For some reason, certain people appear to think they have been contacted by aliens. This could be because of various contributing factors: dissatisfaction with life; stress; domestic problems; family problems; peer pressure; rape trauma; chemical imbalances; or child abuse. Perhaps any one of these or any combination of them. I believe that thorough studies might help to understand AAS. (It's even possible that aliens are actually doing some abductions, but that's another matter.)

Let me backtrack, however. First of all, I don't think that all people who report such experiences have AAS. Secondly, in most cases, AAS is not a "problem."

The real problem, though, is how to deal with such cases. Most ufologists are woefully inadequate as abduction therapists/counselors. Investigating a nocturnal light and counseling an abductee are two very, very different things. You just don't "file" an abductee case away as you would a daylight disc case. Furthermore, ufologists are not trained as psychologists (generally), though John Musgrave published a paper in the late 1970's or the role of the UFO researcher as a counselor and healer. It was ignored at the time.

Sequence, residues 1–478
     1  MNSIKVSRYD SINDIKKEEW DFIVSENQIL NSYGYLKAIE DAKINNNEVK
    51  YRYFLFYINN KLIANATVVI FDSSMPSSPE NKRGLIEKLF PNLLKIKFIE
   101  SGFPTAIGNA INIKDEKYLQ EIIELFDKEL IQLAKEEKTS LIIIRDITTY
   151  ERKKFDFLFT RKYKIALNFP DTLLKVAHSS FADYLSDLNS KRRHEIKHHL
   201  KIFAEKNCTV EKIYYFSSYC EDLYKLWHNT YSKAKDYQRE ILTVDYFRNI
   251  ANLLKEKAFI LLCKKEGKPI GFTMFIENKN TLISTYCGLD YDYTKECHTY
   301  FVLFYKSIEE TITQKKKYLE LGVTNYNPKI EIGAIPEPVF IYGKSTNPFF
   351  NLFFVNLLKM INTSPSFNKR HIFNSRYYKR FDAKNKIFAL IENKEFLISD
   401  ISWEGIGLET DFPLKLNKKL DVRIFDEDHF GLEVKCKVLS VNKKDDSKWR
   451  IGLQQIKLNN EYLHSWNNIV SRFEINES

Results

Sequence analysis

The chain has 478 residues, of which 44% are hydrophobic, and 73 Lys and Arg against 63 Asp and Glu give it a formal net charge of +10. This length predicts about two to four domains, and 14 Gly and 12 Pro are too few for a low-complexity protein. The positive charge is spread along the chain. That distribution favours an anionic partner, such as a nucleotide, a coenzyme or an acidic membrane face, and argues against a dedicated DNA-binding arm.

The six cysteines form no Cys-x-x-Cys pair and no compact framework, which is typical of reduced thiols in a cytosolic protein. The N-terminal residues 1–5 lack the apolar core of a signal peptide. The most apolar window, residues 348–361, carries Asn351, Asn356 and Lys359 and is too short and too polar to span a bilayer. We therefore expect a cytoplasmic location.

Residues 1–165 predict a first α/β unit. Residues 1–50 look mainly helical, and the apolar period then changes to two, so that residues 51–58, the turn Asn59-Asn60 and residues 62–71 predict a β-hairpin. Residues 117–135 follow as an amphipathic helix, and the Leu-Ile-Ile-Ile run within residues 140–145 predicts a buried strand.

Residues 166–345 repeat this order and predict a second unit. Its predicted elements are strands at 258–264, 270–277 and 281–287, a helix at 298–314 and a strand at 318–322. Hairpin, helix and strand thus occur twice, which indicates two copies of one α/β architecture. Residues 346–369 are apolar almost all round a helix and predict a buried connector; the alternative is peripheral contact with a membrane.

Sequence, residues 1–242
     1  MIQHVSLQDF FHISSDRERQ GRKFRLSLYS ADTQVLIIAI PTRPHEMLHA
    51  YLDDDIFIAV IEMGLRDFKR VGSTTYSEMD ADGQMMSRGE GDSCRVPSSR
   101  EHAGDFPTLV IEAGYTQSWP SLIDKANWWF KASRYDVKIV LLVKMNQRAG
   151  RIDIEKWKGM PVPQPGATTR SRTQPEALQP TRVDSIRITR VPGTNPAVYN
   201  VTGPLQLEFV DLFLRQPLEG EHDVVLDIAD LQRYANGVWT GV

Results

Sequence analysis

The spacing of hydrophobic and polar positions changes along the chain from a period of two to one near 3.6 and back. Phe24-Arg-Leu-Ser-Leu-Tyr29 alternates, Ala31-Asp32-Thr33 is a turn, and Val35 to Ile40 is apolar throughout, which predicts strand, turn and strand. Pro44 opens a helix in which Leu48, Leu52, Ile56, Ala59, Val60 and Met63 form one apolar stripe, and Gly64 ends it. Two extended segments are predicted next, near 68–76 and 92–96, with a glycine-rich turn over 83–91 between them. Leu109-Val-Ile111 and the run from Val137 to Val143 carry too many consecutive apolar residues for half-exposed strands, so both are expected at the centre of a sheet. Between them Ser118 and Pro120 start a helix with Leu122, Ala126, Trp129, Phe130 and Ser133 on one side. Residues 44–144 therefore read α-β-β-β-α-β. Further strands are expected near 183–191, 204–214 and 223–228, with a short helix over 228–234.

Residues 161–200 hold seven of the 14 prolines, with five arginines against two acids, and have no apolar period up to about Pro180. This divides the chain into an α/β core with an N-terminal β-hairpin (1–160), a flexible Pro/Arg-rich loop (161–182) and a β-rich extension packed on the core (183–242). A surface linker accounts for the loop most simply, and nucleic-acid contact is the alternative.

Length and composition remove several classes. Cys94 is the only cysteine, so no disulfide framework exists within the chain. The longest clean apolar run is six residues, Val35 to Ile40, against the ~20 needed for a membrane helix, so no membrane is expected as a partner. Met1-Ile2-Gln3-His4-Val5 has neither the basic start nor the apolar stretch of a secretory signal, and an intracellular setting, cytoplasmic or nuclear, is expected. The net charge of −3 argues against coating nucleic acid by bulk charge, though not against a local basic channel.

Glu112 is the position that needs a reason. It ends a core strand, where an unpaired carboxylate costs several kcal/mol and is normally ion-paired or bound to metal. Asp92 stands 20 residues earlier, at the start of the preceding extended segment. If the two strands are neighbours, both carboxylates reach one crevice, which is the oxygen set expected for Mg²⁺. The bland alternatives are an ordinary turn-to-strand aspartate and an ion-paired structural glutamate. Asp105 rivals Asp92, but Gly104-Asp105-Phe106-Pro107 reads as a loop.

However, there's another side to this issue, and more questions. Who is appropriate and/or adequate as a counselor/investigator of abductee cases? What relationship should there be between a clinical psychologist and a UFO researcher?

Want to read more? Check out my book.


Wednesday, February 16, 2011


Nonsense in the News

There are several amazing stories that are circulating in the UFO subculture this month. All of them are nonsense. Most are being promulgated through Twitter and Facebook, and in a variety of blogs and faux-news sites. Here are my cautions on some of them:

1. A new planet has not been discovered in the Solar System. Niburu still does not exist.
2. Stan Fulham's predictions about UFOs have not been proven true.
3. The Jerusalem UFO videos are not baffling UFO experts. They are fakes.

1. Sorry, no Niburu

As excited as some are getting about the claim that a giant planet four times the size of Jupiter has been found beyond Pluto, it's simply not true. Such a planet has been speculated, but that's a long way to proving it exists. In fact, the researchers who suggested it may exists are doubtful, too.